PORTLAND, Ore. – The 2014 MLS All-Star Game will be remembered for Landon Donovan's winning goal. Especially now that we know it will be his last All-Star Game.
But the 14-time MLS All-Star should be remembered for the masterful bait-and-switch he pulled off. With all the talk of this possibly being Thierry Henry's final All-Star bow, not a single reporter bothered to ask Donovan if this was indeed his final midsummer classic.
And that’s exactly how Donovan wanted it. He played along, allowing the spotlight to be squarely on the other 22 players around him, not the least of which was the French legend for whom he subbed on in the 47th minute.
Donovan stood and waited to enter the game as Henry took a slow stroll to the sideline, basking in a standing ovation from the Providence Park crowd and applauding them right back. One of those applauding was, by the way, Donovan.
“Listen, the guy’s a legend,” he told reporters afterwards, “and for all of us, it’s an honor to play with him. And so I’m glad that Caleb [Porter] was savvy enough to do that for him, he absolutely deserves it. We hope it’s not the last time, but if it is, then I’m glad I could be on the field with him.”
If we only knew.
Donovan will retire at the relatively young age of 32, but he has been an old soul for years. He’s seen more in his career and achieved more than 99.999 percent of any American soccer player. And he’s come to understand his place in the soccer landscape better than anyone.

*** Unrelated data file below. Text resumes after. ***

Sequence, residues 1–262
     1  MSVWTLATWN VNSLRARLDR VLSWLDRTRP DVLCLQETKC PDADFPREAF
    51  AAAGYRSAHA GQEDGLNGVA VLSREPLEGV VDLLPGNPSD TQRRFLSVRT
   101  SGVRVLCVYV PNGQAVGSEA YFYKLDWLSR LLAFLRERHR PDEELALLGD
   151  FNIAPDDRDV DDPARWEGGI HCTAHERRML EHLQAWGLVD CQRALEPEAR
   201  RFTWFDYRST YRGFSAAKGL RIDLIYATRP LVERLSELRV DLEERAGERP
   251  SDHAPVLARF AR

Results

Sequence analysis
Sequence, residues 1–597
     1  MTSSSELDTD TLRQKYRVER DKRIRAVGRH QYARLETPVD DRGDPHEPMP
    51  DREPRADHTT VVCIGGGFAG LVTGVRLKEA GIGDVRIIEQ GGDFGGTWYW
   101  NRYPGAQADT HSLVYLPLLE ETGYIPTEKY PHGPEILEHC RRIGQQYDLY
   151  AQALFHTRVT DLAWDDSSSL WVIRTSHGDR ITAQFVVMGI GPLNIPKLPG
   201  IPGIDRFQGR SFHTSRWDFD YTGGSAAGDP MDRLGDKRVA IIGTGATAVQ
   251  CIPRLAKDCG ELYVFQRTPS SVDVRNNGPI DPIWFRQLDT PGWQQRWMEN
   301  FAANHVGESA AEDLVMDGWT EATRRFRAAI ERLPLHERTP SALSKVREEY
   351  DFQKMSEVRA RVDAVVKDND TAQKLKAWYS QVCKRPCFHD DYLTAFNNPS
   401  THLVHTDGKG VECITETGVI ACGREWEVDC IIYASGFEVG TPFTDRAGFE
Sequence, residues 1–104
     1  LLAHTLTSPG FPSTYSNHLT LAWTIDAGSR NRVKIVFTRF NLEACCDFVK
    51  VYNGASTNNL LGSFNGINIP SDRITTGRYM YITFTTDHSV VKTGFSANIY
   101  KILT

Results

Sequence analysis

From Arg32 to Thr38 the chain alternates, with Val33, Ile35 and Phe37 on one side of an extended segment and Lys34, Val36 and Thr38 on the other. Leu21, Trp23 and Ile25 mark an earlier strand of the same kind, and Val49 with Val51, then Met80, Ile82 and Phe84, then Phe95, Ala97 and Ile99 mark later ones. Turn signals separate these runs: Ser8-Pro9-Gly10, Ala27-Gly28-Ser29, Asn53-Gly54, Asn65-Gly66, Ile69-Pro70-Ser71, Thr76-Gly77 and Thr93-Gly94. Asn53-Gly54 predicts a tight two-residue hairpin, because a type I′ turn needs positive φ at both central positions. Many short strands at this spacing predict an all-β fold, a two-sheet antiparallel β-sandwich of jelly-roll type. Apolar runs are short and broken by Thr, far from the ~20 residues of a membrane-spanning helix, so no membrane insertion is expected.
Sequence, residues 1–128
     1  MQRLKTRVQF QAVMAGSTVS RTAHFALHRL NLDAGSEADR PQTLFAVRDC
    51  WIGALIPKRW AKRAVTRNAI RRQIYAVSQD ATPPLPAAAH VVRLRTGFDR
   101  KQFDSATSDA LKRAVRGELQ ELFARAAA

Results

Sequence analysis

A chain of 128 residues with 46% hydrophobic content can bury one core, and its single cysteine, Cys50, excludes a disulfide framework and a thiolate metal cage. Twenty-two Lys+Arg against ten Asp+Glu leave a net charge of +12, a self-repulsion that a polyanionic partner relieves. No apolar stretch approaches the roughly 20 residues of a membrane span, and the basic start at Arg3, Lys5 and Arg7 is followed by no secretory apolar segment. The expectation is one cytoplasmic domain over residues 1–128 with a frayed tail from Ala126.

He soaked in his moment as MLS All-Star Game MVP and repeated over and over again how much fun he’s having this season, and how Wednesday night’s performance – a vintage individual effort for the winner after a perfect chip from Diego Valeri – was a catharsis for being dropped from the US World Cup team.
But regardless of what’s happened to him over the past six months, it had become increasingly clear that he was going to go about the twilight of his career on his own terms. He hasn’t sounded like the type of player who wanted to hang on until his body cried mercy and forced him out of the game. He wanted to go out while he still had something to give. And while he was still having fun.
Knowing what we know now, his comments Wednesday night are right in line with that narrative.
“When you’re playing well and things are going well, you want to keep playing,” he said, “and right now, I’m really enjoying myself. I feel relaxed and comfortable and I want to keep enjoying myself.”
The timing is perhaps perfect. His LA Galaxy have begun to find their peak after a slow start to 2014. The way they’ve been playing, and the groove Donovan has found in their offensive set-up, it’s not at all a stretch to think that this season could end with LA returning to the top of the mountain with a third MLS Cup in four seasons.
That would be, for the record, Donovan’s sixth. Not a single other MLS player can say that.
And when he rides off into the sunset, he may step off the field the same way he did on Wednesday night: appreciative of all the support, but completely content to let someone else have the spotlight.
It’ll be a long time before we find another one like that.
Jonah Freedman is the managing editor of MLSsoccer.com.